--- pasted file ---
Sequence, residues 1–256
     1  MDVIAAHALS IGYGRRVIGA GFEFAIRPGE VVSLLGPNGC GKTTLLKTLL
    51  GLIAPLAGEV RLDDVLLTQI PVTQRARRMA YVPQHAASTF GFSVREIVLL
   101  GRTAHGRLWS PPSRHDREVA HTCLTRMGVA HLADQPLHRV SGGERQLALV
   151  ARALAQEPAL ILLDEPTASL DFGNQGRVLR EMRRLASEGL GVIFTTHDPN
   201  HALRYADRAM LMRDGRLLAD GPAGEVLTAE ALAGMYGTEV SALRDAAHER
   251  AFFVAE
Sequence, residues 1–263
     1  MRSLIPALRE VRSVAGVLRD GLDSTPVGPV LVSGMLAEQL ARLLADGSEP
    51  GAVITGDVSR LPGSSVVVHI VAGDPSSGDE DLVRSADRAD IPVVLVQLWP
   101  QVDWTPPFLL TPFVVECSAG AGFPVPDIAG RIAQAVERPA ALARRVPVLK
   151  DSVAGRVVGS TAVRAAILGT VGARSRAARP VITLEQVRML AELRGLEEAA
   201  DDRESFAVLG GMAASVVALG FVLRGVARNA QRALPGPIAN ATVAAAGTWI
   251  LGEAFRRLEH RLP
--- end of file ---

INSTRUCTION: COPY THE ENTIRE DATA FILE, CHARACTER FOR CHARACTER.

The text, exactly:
Sequence, residues 1–256
     1  MDVIAAHALS IGYGRRVIGA GFEFAIRPGE VVSLLGPNGC GKTTLLKTLL
    51  GLIAPLAGEV RLDDVLLTQI PVTQRARRMA YVPQHAASTF GFSVREIVLL
   101  GRTAHGRLWS PPSRHDREVA HTCLTRMGVA HLADQPLHRV SGGERQLALV
   151  ARALAQEPAL ILLDEPTASL DFGNQGRVLR EMRRLASEGL GVIFTTHDPN
   201  HALRYADRAM LMRDGRLLAD GPAGEVLTAE ALAGMYGTEV SALRDAAHER
   251  AFFVAE
Sequence, residues 1–263
     1  MRSLIPALRE VRSVAGVLRD GLDSTPVGPV LVSGMLAEQL ARLLADGSEP
    51  GAVITGDVSR LPGSSVVVHI VAGDPSSGDE DLVRSADRAD IPVVLVQLWP
   101  QVDWTPPFLL TPFVVECSAG AGFPVPDIAG RIAQAVERPA ALARRVPVLK
   151  DSVAGRVVGS TAVRAAILGT VGARSRAARP VITLEQVRML AELRGLEEAA
   201  DDRESFAVLG GMAASVVALG FVLRGVARNA QRALPGPIAN ATVAAAGTWI
   251  LGEAFRRLEH RLP